12 Days of Feminists: Alexandria Ocasio-Cortez

This year, we’re celebrating the women who showed up, raised their voices and fought for change—like newly-elected U.S. Congresswoman Alexandria Ocasio-Cortez

Stacy Lee Kong
Alexandria Ocasio-Cortez wearing a purple dress
(Photo: Getty Images; Photo illustration: Joel Louzado)

Confession: Until recently, I didn’t know a ton about America’s non-presidential elections. Senators, governors, congress…people? I wasn’t *entirely* sure what any of those elected officials actually did, nor did I really care. (In my defence, I don’t live there. And I do have a much better understanding of Canada’s various elected officials, I swear.) But then, back in June, stories about an exciting young congressional candidate from the Bronx started appearing on my various news feeds, and I began to care—deeply.

Alexandria Ocasio-Cortez was everything politicians often aren’t: young, female, working class, internet-savvy, sassy and, most importantly, unapologetically progressive. I think I had internalized a (very Canadian, I think) idea that for left-wing politicians to succeed, they needed to compromise. After all, that’s often what we’ve seen with everyone from Barack Obama to Justin Trudeau. But Ocasio-Cortez was uncompromising in the very best way.

She not only said she was a feminist, her platform was also an intersectional feminist’s dream: She pledged to fight for universal health care, inclusive housing policies, gun control, free post-secondary tuition, criminal justice reform and legislation (like the Equality Act) that safeguards the LGBTQ community. She wants to abolish ICE. And when she talked about women’s right, she was talking about all women’s rights—”Black women, Native women, poor women, immigrant women, disabled women, Muslim women, lesbian queer and trans women,” as it specified on her campaign website.

Honestly, her policies sounded like they belonged in a goddamned utopia. And you guys? She won.

Ocasio-Cortez not only beat longtime Democratic rep Joe Crowley in New York’s congressional primaries in June, making her the Democratic candidate for New York’s 14th congressional district in November’s midterm election. She also won the midterm election with 78% (!!!) of the vote.

When I saw the news, I legit had a moment. I’ve never, in my entire life, ever harboured even the tiniest desire to be a politician—and yet, Ocasio-Cortez’s win made me think it was something I could do if I wanted to. We may not share an ethnicity or cultural background, but I saw myself in her, and it reminded me yet again just how much #RepresentationMatters.

(Photo: GIPHY)

Representation will continue to be part of her story—when she takes office on January 3, she’ll be the youngest woman elected to Congress, and one of the few women of colour. (After this year’s election, there are more women and POC than ever before, but still: of the 325 women who have served in the U.S. Congress to date, only 65 have been non-white.)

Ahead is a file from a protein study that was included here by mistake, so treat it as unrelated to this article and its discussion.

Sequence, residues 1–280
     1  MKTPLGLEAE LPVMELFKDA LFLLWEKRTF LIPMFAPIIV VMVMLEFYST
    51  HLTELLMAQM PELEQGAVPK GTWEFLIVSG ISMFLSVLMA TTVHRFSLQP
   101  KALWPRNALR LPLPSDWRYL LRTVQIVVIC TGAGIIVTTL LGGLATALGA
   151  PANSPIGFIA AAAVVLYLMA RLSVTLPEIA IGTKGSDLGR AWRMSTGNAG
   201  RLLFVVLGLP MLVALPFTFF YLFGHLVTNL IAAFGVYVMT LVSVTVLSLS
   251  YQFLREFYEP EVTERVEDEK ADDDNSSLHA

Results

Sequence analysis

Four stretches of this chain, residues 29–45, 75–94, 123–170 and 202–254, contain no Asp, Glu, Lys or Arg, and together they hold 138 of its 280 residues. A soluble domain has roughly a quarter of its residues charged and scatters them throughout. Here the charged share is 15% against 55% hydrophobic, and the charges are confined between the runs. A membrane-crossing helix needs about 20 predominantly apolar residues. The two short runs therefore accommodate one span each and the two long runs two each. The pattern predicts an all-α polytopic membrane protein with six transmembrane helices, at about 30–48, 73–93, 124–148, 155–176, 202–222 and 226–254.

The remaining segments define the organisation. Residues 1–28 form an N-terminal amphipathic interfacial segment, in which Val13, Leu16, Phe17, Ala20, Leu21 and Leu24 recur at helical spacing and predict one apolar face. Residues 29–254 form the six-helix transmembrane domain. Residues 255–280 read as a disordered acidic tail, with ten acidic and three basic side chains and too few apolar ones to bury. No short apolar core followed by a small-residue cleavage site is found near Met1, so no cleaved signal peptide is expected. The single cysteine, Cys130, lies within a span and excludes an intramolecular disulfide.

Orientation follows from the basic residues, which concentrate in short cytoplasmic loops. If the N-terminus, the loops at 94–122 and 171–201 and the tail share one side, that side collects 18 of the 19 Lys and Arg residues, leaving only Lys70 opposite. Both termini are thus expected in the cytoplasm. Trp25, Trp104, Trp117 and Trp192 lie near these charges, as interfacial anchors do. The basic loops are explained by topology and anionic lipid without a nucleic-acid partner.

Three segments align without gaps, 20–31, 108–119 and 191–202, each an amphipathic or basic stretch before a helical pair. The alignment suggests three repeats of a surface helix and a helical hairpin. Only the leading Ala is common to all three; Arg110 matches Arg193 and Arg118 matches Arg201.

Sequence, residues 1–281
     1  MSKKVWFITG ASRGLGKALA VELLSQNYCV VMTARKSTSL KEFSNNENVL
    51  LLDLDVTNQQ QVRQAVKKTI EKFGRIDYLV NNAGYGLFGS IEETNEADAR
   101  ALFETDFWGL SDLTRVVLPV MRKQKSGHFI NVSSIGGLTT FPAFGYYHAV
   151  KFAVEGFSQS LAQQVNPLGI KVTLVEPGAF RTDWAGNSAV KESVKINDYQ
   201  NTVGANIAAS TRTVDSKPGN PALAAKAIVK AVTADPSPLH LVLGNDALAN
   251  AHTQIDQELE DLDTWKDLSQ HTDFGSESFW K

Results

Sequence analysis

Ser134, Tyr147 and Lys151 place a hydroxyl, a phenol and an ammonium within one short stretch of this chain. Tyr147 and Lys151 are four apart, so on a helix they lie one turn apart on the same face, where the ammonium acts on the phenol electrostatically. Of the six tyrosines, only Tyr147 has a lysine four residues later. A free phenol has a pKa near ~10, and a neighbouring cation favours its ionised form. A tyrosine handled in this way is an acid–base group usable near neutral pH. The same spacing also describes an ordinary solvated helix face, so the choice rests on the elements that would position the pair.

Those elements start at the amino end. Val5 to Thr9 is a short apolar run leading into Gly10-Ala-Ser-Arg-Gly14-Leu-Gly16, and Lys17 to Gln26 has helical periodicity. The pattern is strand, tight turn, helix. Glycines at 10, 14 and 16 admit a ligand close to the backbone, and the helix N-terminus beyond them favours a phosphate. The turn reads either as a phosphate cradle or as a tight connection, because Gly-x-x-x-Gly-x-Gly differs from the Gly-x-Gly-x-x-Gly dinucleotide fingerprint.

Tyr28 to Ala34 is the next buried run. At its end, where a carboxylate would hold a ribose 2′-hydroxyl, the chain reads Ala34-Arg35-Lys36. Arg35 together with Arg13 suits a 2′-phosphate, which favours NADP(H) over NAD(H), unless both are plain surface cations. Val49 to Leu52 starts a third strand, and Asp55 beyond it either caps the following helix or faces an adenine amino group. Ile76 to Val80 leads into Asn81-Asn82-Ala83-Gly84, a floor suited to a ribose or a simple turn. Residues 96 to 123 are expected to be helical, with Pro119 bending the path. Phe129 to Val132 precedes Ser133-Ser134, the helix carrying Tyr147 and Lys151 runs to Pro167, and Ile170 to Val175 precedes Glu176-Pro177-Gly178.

But that’s not the only reason Ocasio-Cortez is my fave feminist of the year. I love that she doesn’t allow anyone to undermine her. Remember when she called out conservative writer Eddie Scarry for his tweet about how she doesn’t “look like a girl who struggles”?

He was trying to imply that she was a hypocrite or a liar, albeit in the dumbest way possible. (Even us poors wear cute clothes, bro.) She wasn’t standing for it. She never stands for people trying to tear her down—about her clothes, her childhood home, her finances, even her recent decision to take a self-care break. I stan for Michelle Obama, but sometimes I don’t want to go high—I want to clap back. And AOC’s clapbacks against misogyny and condescension are legendary.

I love that she made friends with other progressive members of Congress, including Boston’s Ayanna Pressley, Minnesota’s Ilhan Omar and Michigan’s Rashida Tlaib, because I am forever here for a girl gang, especially one that gets shit done.

I love that she doesn’t hide who she is, despite all the criticism. And that’s not just because having the confidence to be yourself—to reference Hogwarts and use internet-approved turns of phrase in IG captions and also, oh yeah, speak your language unapologetically—is badass. It’s also because Ocasio-Cortez being herself has the power to change Congress. As Alexa Kissinger wrote in Vox, she and her progressive peers are “showing that we don’t have to change ourselves for these institutions. It’s time the institutions changed.”

I love that she has literally no time for Donald Trump.

(Photo: GIPHY)

But the thing I love most is the way she unapologetically owns her successes, something that so many women (myself included) feel uncomfortable doing. In July, after her primary win, she told The New Yorker‘s David Remnick, “I didn’t edge anybody out. I dominated. And I am going to own that.” That attitude is making a lot of people incredibly uncomfortable. “Ocasio-Cortez’s eagerness to flex her muscles, without demurring or waiting for her turn—without even waiting to be sworn in—is undergirding nightmarish fears about her as an agent of chaos and destruction,” Rebecca Traister recently wrote in The Cut. “What’s scary to so many about Ocasio-Cortez is that she’s acting like a politician with power.”

But I’m not uncomfortable. And I’d hazard a guess that other millennials, especially women of colour, aren’t either. Instead, we’re in awe and, more importantly, inspired.

Also, she’s equally adept at rocking a red lip and the #nomakeup lewk, and I appreciate the flex.

More from FLARE’s ‘12 Days of Feminists’ series:

Day 1: Chrystia Freeland
Day 2: Constance Wu
Day 3: Tracee Ellis Ross
Day 4: Vivek Shraya
Day 5: Amber Tamblyn
Day 6: Lizzo
Day 7: Dr. Christine Blasey Ford

Day 8: Meghan Markle
Day 9: Serena Williams
Day 10: Ariana Grande

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